Bookmarks, a non-profit organization specializing in the literary arts, was looking for a new location to house their bookstore and office as well as provide event and meeting space for readers and writers, and a coffee bar and café. They were able to find their new home in an abandoned service garage tucked behind Foothills on Fourth Street.
Bookmarks worked with the building’s owner and hired contractor, LMI Builders Inc, to completely overhaul the building. The existing steel sashed windows were restored and reglazed and structural improvements were made to the mass masonry walls. All new building systems were installed as were common area restrooms. Finally, a continuous walking path from Fourth Street to the bookstore was created by converting rear alleyways into new community space.
The Brock-Horn-Maslin House - Joseph Winston Award
Contractor: LMI Builders
The Brock-Horn-Maslin House is a contributing structure in the West End Historic District and is one of the fanciest Victorian dwellings in the district. It features irregular massing, wood shingled gables with sawnwork gable peak ornaments, a tower above the entrance bay with a Palladian window, and an ornate front porch.
In 2016, LMI Builders Inc. completed a total restoration of the house which had become derelict. The project included all new building systems, extensive façade rehabilitation and structural improvements. All new work was completed in satisfactory condition for the National and State Historic Preservation Office guidelines.
Salem College Student Center - Mayor's Award
Architect: Lambert Architecture + Interiors
The Student Center for Salem College is the first new non-residential building constructed on campus in over 30 years. Designed to echo traditional Moravian building styles, the center is a thoroughly modern building that incorporates state-of-the-art technology while maintaining the aesthetic character of the campus.
Salem College chose to build for the future when constructing the Center with an emphasis on sustainability and preservation. Utilizing such techniques as native plantings, high-efficiency mechanical systems, high recycled content building materials, and regionally sourced materials, the Center was certified as a LEED Silver building in 2015 by the Green Building Council.
Out Door Creations - City Council Award
Decorator/Designer: Danny Tuttle
Out Door Creations is located in West Winston-Salem in what was previously an empty gas station. Years of being a gas station had taken its toll on the building and a complete overall of the interior and exterior was needed before the business could open.
Renovations to the exterior began with pressure washing, painting and removing the old vending machines and pay phone. The underground fuel tanks were removed and new concrete was poured. The existing gas station canopy was utilized and a new pergola was custom built to provide an outdoor display area. New signage was added to the canopy and building and two new road signs were installed. Custom wooden planter boxes and tables were added for additional display space and new lighting was installed for a beautiful look at night.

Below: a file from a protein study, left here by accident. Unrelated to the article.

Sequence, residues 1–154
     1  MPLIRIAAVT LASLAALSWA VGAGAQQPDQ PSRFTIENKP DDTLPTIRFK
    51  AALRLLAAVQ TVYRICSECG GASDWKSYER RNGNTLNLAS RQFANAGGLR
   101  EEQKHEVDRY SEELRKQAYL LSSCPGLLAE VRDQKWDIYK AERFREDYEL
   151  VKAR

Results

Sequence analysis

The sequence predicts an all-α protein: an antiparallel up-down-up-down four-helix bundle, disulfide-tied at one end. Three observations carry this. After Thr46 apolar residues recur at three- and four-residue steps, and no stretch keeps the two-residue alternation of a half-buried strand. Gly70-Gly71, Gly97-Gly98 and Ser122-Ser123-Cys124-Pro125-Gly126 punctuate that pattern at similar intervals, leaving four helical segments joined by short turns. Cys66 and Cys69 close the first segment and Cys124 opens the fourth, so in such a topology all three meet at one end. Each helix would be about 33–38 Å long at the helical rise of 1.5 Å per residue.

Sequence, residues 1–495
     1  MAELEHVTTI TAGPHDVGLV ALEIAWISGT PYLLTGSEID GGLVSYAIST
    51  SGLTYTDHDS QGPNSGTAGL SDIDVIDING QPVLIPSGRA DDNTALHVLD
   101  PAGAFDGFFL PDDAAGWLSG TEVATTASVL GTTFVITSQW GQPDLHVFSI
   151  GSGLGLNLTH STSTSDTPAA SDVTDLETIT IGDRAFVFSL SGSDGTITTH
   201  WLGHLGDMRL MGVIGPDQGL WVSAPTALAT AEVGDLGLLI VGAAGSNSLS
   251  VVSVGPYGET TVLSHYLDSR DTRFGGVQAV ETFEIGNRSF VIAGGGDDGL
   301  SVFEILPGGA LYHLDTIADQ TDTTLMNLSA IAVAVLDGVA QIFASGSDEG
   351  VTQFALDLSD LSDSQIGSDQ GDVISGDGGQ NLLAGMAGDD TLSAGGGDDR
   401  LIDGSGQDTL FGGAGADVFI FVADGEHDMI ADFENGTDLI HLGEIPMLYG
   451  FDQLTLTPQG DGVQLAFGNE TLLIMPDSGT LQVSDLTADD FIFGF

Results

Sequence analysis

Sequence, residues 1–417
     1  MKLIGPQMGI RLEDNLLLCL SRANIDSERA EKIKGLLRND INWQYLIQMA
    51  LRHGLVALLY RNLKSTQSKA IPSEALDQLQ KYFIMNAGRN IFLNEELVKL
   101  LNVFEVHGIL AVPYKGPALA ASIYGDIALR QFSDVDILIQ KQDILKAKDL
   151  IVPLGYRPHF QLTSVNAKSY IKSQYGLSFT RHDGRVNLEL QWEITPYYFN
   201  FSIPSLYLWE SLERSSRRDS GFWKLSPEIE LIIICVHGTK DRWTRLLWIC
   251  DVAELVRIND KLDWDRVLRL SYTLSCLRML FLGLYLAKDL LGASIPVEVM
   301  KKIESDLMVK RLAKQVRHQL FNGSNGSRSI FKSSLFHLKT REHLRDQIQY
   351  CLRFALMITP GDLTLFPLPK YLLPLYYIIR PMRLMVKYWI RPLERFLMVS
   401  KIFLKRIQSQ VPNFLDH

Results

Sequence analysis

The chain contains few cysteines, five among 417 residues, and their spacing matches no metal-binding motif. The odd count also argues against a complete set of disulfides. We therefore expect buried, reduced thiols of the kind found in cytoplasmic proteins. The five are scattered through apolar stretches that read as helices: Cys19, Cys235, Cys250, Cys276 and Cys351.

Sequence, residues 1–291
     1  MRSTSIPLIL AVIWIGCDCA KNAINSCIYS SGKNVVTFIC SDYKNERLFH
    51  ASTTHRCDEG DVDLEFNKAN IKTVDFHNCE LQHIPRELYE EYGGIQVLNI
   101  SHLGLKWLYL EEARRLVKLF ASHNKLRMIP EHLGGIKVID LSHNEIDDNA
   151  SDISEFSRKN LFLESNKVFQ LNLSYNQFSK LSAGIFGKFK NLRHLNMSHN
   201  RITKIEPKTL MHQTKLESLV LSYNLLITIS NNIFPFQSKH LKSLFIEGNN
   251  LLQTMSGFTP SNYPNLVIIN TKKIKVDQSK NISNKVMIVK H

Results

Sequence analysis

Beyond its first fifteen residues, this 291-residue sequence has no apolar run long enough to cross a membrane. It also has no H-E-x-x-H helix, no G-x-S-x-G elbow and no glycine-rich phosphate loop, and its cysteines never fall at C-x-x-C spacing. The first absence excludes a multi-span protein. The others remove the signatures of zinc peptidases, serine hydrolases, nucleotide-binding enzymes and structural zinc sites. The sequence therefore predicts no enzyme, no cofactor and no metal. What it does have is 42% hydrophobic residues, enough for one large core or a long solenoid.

Paul J. Ciener Botanical Garden - County Commissioners Award
Curator: Adrienne Roethling
Executive Director: John Whisnant
Founded in 1998, the Paul J. Ciener Botanical Garden set out on a mission to create a garden of unique beauty which would inspire, enlighten, and connect people of all ages to the world of plants, gardening, and horticulture; and to surprise visitors with their beauty and scope. The Garden opened to the public in 2011 and continues to innovate new spaces with each seasonal change.
The Garden creates a departure from the downtown streetscape providing a natural oasis full of aesthetically pleasing and aromatic plantings. The garden layout was designed to provide infinite visual stimulation as visitors travel through each planting area. The design of the welcome center distinguishes the Garden from the surrounding properties and enhances the visual appeal of the garden to visitors and Kernersville residents alike lending itself to a number of public and private events.
The Historical East Winston Mural - Benjamin Forsyth Award
Artists: Marianne DiNapoli-Mylet and Donnell Williams
Located on the side façade of a corner convenience store, the Historical East Winston Mural is a storybook collection of historical pictures of the African American history in East Winston from the 1920’s to present. The mural captivates every onlooker with its representation of the people and stories that embody the neighborhood.
Marva Reid, with the East/Northeast Winston Neighborhood Association, introduced the idea for the mural to City Council Member Derwin Montgomery in 2010. Once an appropriate location was selected, artists Marianne DiNiapoli-Mylet and Donell Williams worked together to create a design that would honor the people and history of the community. Painting began in August 2015 with the completed mural unveiled to the public in November 2015.
Quarry Park - Flora Ann Bynum Award
Architect: STITCH Design Shop
Once an active granite quarry from the 1920s until it began to fill with water and was abandoned in 1988, Quarry Park is now a 228-acre publicly owned park just southeast of downtown Winston-Salem. Through donations from Vulcan Materials and the Leight Family, the City of Winston-Salem has been able to create a recreational amenity that capitalizes on the natural setting and stunning panoramic views.